So, the reason I hate this book’s cover is because Agni there is my second favorite character in the manga…

…and he is horribly, brutally killed in the first chapter of this volume.

And in a later chapter we see a shinigami completing the paperwork on collecting his soul, so it’s highly unlikely (if not outright impossible) that he’s going to be magically revived.

Worse still, I had already paid to read that horrible, horrible chapter.  Because the last volume ended with my favorite character, Prince Soma (Agni’s employer/dearest friend), with a gun to his head, and then a page with nothing but a sound effect of a gun being fired.  I knew there were ways to buy an officially translated version of new chapters within days of their release in Japan, and I couldn’t possibly wait to find out if Soma was okay, so I had looked around and found that comixology sold the chapters for $2.99 apiece.  I bought the relevant chapter and found that Soma only got shot in the hand, but the assailant proved himself unnaturally powerful and…

…I ended up crying so hard that I had to call my brother, hastily assure him that nothing was wrong, and then continue crying as I explained I needed to get out of the house for a while.  (The worst part is, I have a fair chunk of Black Butler merch in my house.  If things go as badly as I fear they might in the next volume, and Soma gets himself killed trying to avenge Agni by going after the wrong person, I don’t know what I’m going to do with it all, because I don’t think I’ll want to keep it.  Or even keep reading.)

Needless to say, when this volume was released and I saw what the cover image was, I was really pissed off that they had the gall to do this.  I mean, there have been characters on the cover of the volume in which they die before, but those were new characters who were only introduced in that arc.  Soma and Agni were introduced very early on, before the story arcs got so long, and they’ve been around for probably about seven or eight years now.  (I believe the manga recently celebrated its tenth year.)  As long as they’ve been around, they should have become effectively immortal.  I accept that in a supernatural manga where the title character is a literal demon, there are plenty of human casualties, even ones that you would want to have survive and join the permanent cast, but if the permanent cast are suddenly no longer so permanent…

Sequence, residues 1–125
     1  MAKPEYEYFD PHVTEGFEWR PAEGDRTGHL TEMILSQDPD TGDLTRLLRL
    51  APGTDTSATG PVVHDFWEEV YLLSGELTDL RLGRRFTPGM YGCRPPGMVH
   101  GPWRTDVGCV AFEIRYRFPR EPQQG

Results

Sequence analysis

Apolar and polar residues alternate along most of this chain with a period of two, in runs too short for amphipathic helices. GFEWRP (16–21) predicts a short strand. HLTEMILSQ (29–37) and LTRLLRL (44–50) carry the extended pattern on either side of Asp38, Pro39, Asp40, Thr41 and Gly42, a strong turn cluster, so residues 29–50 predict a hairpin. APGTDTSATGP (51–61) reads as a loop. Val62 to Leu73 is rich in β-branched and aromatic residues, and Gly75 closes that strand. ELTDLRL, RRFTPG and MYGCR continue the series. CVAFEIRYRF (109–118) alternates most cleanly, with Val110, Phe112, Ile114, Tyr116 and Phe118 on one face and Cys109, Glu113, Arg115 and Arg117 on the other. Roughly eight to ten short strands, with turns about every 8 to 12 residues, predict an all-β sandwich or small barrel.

Not to mention that the “evil twin” became a tired cliche decades ago.  I mean, I think in this case there’s still something supernatural going on (at the very least, he’s been raised from the dead) but that doesn’t change the stupidity of it; there better be something more complex and deeper going on than that.

And I could go on about this for ages, but I’ll stop because I doubt anyone cares.

IWSG: NaNo time again

Published November 7, 2018 by Iphis of Scyros

Bah, I really wanted to write a non-IWSG post this month.  I even tossed some ideas around in my head…during the commute to and from work, when I couldn’t do anything about it.

*sigh*

Well, anyway, I actually finished the draft I was working on about mid-month, giving me some time to play around with a new fanfic (which I didn’t come even close to finishing) as well as time to do some prep for NaNo.

I’m pretty confident that I’d have super-duper no problem finishing this year’s NaNo novel if I had no other demands on my time.  But I have a presentation and a paper to prepare (and as of this pre-writing, on Oct. 30, I’ve only had my main source for 24 hours, and have read about five pages of it, max), plus the museum where I work will be decorating for Christmas, which will likely take away the majority of a day when I’d normally be free to write (probably two or three, actually, as I’m going to need at least a day to pull all the toys that will go on display, plus I’m supervising a display case we always fill at a local library for the holiday season), and as Christmas season approaches I’ll have to be working more days as we get more busy at work.  So…yeah, life is going to do its best to throw a wrench in my writing plans.